The NFL Competition Committee released a statement this week upholding its belief that the new emphasis on roughing the passer is working as planned and no changes are planned for that rule, but league sources said some new directives are being given to officials following the committee's meeting.

The league is being careful not to do anything that would make the quarterback more vulnerable to devastating hits and will continue a staunch public face in that regard.

"The health of the quarterback is paramount, and that's not going to change" as one source put it, with the league and its teams acutely aware of the precipitous drop in quality of play last season when star passers like Aaron Rodgers, Andrew Luck, Deshaun Watson, Carson Wentz, Ryan Tannehill, Carson Palmer and others suffered long-term or season-ending injuries.

And while in-game officials are still instructed to protect quarterbacks, they were informed this week to focus on specific elements to determine whether or not a defender is seeking to drive his body weight into a quarterback, sources said. Whereas previously, if they had questions about the intent to use body weight to impact a quarterback, officials would often throw a flag, it has been re-affirmed to them that they have to see the entire play and the necessary keys before throwing the flag.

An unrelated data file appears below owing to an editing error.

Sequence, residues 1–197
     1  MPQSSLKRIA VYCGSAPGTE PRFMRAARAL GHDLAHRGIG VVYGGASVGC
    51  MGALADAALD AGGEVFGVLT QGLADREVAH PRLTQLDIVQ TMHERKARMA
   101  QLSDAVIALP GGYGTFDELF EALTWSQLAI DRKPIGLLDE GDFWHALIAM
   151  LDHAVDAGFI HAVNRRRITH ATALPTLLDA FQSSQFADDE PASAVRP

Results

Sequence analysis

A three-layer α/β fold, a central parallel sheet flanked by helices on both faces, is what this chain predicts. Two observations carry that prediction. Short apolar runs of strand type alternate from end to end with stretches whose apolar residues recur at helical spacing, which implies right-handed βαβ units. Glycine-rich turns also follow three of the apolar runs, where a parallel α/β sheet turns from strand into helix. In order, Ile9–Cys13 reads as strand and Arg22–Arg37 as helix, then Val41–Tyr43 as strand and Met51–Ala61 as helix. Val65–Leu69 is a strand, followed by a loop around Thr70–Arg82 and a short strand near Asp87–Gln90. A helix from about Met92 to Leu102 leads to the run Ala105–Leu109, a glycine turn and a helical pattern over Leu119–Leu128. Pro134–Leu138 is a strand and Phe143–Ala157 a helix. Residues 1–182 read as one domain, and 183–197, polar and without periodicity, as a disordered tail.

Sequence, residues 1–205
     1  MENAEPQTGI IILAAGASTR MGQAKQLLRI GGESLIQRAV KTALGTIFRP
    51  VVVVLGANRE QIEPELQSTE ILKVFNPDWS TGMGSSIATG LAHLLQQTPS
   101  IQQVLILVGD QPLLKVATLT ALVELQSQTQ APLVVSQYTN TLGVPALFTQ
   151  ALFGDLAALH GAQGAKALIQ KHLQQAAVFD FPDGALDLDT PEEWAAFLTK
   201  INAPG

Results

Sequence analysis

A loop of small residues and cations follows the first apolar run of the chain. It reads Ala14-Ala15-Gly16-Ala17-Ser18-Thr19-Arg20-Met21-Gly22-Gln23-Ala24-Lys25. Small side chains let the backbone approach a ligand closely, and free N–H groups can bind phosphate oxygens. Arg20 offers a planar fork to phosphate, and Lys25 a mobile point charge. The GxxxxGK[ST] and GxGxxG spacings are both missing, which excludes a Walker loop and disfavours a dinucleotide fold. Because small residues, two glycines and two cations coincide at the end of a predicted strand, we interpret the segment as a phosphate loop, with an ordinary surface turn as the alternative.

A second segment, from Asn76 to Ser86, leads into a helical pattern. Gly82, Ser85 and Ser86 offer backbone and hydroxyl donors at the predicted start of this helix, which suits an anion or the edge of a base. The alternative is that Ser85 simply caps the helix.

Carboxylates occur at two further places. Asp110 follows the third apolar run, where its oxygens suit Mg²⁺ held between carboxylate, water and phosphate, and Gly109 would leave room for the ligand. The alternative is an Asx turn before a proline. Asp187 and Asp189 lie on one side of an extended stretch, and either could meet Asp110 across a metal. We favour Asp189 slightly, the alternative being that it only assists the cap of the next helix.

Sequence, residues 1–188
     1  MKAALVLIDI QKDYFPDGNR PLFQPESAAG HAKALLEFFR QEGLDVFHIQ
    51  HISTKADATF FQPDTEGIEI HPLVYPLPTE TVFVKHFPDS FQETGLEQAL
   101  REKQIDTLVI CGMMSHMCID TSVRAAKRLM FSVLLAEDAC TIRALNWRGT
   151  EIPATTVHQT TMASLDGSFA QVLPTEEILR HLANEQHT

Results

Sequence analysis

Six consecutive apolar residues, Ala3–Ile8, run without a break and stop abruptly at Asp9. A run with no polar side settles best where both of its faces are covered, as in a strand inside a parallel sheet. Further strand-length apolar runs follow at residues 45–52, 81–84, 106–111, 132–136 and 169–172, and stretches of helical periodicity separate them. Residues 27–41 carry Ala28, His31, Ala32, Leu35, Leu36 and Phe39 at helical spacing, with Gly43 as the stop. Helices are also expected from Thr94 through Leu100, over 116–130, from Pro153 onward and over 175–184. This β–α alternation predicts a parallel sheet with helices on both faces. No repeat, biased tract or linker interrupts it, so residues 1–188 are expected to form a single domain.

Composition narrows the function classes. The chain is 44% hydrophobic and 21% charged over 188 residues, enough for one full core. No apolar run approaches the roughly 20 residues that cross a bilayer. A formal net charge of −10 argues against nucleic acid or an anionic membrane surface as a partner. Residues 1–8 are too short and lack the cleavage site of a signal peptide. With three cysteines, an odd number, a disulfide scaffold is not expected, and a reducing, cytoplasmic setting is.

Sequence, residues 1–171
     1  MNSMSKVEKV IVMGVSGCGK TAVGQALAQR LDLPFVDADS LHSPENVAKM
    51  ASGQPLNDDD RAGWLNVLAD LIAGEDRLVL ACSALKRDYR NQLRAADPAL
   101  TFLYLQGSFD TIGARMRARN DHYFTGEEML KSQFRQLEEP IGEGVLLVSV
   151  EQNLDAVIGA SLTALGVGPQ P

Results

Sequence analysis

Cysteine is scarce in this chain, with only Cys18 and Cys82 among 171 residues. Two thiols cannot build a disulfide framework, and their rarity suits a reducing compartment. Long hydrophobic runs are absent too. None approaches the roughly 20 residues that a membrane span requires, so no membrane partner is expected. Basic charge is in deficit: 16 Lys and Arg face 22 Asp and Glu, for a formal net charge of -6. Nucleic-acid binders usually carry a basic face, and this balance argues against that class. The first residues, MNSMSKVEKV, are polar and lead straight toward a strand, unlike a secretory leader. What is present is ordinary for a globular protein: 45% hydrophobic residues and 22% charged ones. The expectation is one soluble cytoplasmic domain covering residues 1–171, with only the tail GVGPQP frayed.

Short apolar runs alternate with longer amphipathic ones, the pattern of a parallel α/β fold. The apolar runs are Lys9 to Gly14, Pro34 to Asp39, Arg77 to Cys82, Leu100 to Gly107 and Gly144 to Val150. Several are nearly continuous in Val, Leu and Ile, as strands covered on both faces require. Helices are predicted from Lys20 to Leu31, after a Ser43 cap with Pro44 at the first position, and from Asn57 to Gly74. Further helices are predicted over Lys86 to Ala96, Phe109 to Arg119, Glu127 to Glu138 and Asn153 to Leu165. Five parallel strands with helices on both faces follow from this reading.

Those keys include a defensive player making a move to potentially "pile drive" a quarterback into the ground, or making what is being termed a "Superman" move when sacking a quarterback, moving his arms and legs upward like taking flight to attempt to make it seem as if he is not using his body weight to impact a quarterback. And in the event of a "scoop and pull," quarterback impact, the official must be certain to detect the scooping, lifting and pulling to the ground, as well as the body weight component of the play, in order to throw the flag.

Thus far there have been 34 roughing the passer calls in the NFL (in 3,430 passing plays), and 13 of them, according to a league source, have involved the body weight point of emphasis. Of those, the league believed the majority were officiated properly, though an exact number was not available. That is up from 16 total roughing the passer calls at this time a year ago.

The body weight provision of the roughing the passer penalty has been in place since 1995 and, at the urging of NFL clubs, was brought before the Competition Committee as an element of the rule that was worthy of additional emphasis. The expectation within the league office is that, as like with other points of emphasis in the past, as the sample size grows players and teams will adapt to the crackdown, and the number of infractions will subside.